Clinton topped Trump by 69% to 21% on protecting Social Security and 67%-20% on retirement, according to Countdown: New York's Vanishing Middle Class.
This coming year provides a key window for elected leaders at both the state and federal levels to help restore retirement as a real option for New Yorkers.
"Building a financial nest egg is becoming harder, but we can ease the middle class squeeze if our elected leaders restore trust by helping New Yorkers help themselves save and by safeguarding the future benefits they've earned," said Beth Finkel, State Director of AARP in New York.
"Nearly nine out of 10 Gen Xers and Boomers say it is a problem for New Yorkers to save enough for retirement. They should know; they are living it," said Don Levy, Director of the Siena College Research Institute. "Only one in five Xers and Boomers are living comfortably, with middle class Xers among the most likely to struggle to get by."
Having a serious financial impact on half or more of respondents are the cost of housing (for 75% of Gen Xers and 69% of Boomers), food (53% Gen X, 49% Boomers), transportation (56% Gen X, 47% Boomers), utilities (59% both), the telephone survey of 868 city residents found.
Meantime, 52% of respondents have not researched social security benefits; 65% have not researched Medicare benefits; 78% have not written out a plan, including a budget, for retirement; 47% have not discussed retirement with their life partner or family; 59% have not made a decision about where to live; and 69% have not made a plan for care if they should become sick or disabled.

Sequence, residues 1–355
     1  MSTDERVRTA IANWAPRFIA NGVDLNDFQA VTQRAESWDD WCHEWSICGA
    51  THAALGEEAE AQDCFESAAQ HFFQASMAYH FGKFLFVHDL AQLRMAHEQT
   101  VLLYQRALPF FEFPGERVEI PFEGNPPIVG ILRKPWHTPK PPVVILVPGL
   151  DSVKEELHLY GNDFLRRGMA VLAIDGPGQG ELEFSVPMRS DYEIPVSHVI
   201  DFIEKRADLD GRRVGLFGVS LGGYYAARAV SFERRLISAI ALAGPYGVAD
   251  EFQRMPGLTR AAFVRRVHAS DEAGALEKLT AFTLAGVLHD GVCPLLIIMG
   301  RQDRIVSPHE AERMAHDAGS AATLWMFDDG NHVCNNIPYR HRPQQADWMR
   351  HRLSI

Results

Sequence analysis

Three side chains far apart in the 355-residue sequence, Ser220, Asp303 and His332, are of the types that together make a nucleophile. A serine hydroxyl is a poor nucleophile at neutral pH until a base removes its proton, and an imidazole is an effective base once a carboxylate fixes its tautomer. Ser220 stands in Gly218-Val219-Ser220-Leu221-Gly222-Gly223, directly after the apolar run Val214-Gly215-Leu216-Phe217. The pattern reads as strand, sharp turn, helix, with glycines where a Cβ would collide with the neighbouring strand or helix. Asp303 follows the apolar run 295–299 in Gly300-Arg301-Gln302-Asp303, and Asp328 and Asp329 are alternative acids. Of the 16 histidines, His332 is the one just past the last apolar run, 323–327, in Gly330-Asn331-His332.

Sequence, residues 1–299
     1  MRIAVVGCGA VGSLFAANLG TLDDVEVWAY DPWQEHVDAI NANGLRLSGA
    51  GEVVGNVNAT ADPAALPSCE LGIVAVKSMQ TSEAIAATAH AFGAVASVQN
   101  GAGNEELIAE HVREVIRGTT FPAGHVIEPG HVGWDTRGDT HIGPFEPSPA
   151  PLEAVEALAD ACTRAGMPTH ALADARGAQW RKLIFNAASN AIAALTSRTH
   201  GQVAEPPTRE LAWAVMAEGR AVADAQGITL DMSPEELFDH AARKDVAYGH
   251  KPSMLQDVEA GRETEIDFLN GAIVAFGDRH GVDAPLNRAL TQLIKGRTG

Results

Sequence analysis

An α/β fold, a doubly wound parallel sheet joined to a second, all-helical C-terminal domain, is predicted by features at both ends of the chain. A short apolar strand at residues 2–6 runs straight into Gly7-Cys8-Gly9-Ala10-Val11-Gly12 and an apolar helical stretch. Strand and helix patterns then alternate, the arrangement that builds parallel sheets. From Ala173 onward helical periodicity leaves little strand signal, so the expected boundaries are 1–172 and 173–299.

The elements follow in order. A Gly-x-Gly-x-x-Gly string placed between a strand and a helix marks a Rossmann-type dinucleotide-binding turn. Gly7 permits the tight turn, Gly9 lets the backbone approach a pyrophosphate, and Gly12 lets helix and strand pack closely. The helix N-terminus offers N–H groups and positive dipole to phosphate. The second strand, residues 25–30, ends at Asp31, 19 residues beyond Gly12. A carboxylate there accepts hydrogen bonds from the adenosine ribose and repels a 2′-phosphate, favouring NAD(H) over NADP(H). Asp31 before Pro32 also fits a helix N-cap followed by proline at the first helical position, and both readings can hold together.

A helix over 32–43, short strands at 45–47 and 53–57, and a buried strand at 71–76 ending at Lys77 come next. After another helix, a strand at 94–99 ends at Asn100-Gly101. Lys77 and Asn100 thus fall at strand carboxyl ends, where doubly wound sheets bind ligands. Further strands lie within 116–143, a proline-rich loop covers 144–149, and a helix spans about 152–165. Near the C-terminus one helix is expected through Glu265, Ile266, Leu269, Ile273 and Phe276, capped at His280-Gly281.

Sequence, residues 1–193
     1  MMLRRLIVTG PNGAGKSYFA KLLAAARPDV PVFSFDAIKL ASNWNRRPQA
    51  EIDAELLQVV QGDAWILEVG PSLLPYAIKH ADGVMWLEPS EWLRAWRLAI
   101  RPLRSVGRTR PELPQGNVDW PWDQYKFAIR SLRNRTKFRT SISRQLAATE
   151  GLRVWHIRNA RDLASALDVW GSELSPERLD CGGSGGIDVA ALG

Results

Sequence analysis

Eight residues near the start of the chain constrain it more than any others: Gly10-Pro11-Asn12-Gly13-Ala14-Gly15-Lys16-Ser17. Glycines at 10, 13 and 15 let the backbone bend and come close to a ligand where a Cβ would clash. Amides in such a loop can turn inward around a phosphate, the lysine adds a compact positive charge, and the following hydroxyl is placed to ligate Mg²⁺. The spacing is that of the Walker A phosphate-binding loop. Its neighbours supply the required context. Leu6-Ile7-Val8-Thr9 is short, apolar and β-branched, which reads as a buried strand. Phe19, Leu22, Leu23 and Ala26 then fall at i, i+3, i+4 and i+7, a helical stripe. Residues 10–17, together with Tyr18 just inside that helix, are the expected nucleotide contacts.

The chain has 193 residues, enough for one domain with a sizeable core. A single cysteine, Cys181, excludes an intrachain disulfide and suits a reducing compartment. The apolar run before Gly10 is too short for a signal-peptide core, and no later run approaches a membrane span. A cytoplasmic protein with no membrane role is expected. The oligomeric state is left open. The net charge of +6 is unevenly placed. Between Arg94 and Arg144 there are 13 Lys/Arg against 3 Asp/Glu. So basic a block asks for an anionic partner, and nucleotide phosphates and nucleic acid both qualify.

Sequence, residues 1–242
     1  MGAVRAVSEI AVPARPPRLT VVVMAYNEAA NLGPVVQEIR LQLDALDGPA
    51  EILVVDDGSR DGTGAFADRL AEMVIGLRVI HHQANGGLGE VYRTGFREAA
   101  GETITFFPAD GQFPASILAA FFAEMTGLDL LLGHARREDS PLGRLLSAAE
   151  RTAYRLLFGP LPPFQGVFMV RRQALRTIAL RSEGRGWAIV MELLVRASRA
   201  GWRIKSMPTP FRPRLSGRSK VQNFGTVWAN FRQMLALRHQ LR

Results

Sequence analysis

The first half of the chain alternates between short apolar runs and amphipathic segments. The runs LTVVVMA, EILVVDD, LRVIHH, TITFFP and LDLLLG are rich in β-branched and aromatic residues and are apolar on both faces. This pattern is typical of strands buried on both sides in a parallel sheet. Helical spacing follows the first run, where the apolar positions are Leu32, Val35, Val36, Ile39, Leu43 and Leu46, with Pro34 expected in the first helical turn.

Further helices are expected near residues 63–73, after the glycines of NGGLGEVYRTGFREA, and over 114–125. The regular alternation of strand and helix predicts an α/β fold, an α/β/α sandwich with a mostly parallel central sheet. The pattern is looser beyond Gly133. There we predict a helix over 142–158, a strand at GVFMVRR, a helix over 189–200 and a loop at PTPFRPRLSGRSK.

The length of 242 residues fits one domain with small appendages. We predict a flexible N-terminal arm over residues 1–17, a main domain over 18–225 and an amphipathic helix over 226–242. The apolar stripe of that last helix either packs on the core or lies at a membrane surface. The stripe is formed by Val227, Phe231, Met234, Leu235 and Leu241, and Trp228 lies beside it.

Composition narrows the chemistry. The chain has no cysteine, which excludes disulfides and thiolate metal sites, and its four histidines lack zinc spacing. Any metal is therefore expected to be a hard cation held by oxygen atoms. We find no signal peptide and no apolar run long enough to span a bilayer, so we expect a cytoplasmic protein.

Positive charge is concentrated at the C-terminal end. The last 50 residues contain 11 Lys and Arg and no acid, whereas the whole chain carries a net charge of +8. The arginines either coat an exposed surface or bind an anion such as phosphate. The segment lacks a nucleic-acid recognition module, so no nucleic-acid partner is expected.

Future health care costs present huge concerns. Only 13% of Xers and 16% of Boomers are very prepared to pay an estimated $476 per couple in monthly out-of-pocket healthcare costs. And over 80% of middle class Xers and Boomers (earning $40,000 to $120,000 annually) are unprepared to pay more than $50,000 a year in long-term care. Yet a home health aide costs $52,620 annually on average, while the average yearly cost of a New York City nursing home exceeds $140,000.
Solutions to Help New Yorkers be Prepared for Retirement
Among all survey respondents, 61% worry very often or often about having enough money to maintain their standard of living in retirement. Nearly half (46%) of respondents said government is doing a poor job making it possible for New Yorkers to save enough for retirement.
Independent AARP research shows over half of all 18- to 64-year-old private sector employees in New York can't get a traditional workplace retirement savings plans such as a pension or 401(k) – and it's worse the younger the worker, with over 60% of Millennials lacking access.
More than four of five (82%) survey respondents support a state-facilitated workplace retirement savings option for private sector workers who lack access to one at their job. AARP is advocating a professionally-managed, automatic payroll deduction model that allows employees to opt out – since studies show over 90% of employees participate if auto-enrollment is provided.
Governor Andrew Cuomo has launched the "NY SMART" (Saving More to Achieve Richer Tomorrows) Commission to study lack of retirement savings and propose solutions. Earlier this year, Mayor Bill de Blasio and citywide leaders announced plans to push an auto-enrollment plan for private sector workers in the city. While the U.S. Labor Department recently finalized a rule allowing states to proceed, a rule covering cities is still in draft form.
Meantime, while two out of five respondents expect to rely on Social Security, more than half (54%) of Gen Xers said they're not confident they'll receive promised Social Security benefits.
In fact, if federal leaders don't act, Social Security benefits face a nearly 25% cut in 2034 that could cost recipients as much as $10,000 a year. AARP is conducting a "Take A Stand" campaign this year to press the presidential candidates to detail their plans for updating Social Security for the 21st Century and to press congressional candidates to commit to working with the new administration.
AARP offers consumers resources to help them plan, including calculators to help determine Social Security benefits, retirement preparedness and health care needs, as well as financial workshops. The survey has a margin of error of plus or minus 4.3%; plus or minus 6.1% for both the Gen X sample of 408 respondents and the Boomer sample of 460 respondents.
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SOURCE AARP New York